In an effort to continue promoting the integration of comics & cartooning in the curriculum, we will post lesson plans and activity ideas on this blog. Teachers will be free to use these lessons with their students. It’s our hope that teachers reading these posts will join the discussion here and share their own ideas and reflections about using comics in their curriculum.
Inspired by our book, Comics in Your Curriculum, Phil Amara recently used comics in his classroom. Here is a look at a lesson he created to do with his students. For all of you teachers out there, take a look at this. Try it out. And let us know your thoughts. Post your reflections, comments, and ideas here for other teachers to use.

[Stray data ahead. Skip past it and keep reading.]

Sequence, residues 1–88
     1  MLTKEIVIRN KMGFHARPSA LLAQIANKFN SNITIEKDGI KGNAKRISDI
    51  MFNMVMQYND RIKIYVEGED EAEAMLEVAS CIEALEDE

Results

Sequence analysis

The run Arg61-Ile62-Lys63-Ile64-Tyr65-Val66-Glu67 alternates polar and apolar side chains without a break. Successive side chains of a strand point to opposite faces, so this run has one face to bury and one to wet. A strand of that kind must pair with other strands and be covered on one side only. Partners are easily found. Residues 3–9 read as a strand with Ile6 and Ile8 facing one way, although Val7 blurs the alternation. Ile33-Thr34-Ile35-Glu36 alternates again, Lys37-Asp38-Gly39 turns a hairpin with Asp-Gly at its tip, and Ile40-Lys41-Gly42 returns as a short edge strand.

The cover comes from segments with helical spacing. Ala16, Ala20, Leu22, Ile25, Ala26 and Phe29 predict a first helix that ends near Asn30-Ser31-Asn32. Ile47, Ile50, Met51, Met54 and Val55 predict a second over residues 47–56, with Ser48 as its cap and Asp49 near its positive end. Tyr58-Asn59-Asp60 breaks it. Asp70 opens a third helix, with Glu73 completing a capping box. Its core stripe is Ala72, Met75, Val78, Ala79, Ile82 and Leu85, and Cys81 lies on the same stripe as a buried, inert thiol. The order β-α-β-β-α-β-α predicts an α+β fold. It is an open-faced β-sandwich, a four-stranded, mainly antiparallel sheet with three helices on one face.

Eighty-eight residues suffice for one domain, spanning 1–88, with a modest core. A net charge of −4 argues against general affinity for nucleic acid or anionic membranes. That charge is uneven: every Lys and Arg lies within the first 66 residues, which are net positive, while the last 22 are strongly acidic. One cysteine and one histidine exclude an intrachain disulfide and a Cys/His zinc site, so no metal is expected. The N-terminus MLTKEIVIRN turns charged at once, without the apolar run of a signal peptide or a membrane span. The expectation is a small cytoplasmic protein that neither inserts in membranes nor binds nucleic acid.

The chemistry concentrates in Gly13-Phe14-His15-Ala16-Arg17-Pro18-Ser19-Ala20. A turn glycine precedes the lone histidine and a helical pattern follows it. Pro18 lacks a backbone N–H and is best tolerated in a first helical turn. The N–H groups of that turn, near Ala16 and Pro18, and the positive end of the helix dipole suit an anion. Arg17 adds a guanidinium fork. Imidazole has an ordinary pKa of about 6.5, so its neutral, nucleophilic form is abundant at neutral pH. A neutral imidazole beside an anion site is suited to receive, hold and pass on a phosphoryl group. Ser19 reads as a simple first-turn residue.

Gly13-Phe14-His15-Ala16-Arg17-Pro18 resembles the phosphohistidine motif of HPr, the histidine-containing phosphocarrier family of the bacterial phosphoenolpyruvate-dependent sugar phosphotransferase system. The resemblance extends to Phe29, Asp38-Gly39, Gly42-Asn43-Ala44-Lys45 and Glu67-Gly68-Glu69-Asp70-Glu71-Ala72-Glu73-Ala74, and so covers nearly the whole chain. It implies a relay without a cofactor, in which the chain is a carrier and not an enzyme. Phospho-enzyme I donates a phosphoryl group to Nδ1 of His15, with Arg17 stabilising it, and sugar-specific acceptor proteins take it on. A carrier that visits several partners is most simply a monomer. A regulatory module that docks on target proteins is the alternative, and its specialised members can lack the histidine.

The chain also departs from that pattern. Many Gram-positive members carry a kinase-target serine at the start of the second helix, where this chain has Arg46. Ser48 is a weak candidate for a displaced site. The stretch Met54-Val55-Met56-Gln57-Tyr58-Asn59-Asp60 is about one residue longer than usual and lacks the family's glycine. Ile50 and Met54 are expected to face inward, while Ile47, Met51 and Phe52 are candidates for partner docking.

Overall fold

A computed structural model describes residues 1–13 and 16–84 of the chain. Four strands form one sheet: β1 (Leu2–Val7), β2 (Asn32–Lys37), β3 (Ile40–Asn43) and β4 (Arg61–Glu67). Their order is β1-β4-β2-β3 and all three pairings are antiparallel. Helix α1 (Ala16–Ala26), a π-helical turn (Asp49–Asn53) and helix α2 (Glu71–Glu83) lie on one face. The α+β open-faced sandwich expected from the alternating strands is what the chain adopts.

(Please be aware that the material below is for classroom use only, and not for commercial use or sale.)
What evidence did you find of the kids learning?
Students were motivated by their freedom to create their own stories without restraint. As long as they constructed complete sentences, and took clues from the art, the sky was the limit. The result was eager student work and that wonderful, subconscious, internalization of the criteria that all teachers desire.
Not sure about extension, but an option would be to scaffold it so that less and less information is provided in each panel. So, by the last panel, students are drawing the art and balloon as well as doing the writing. With the wealth of material available in comics form, especially in manga which is typically black and white, it’s fairly easy to connect the activity to science, social studies, what have you.
Try out Phil’s idea in your classroom. Make a variation of your own. Create your own ideas to try in the classroom. Then share them with your colleagues. This and future lesson plans will be saved under the “Activities” category.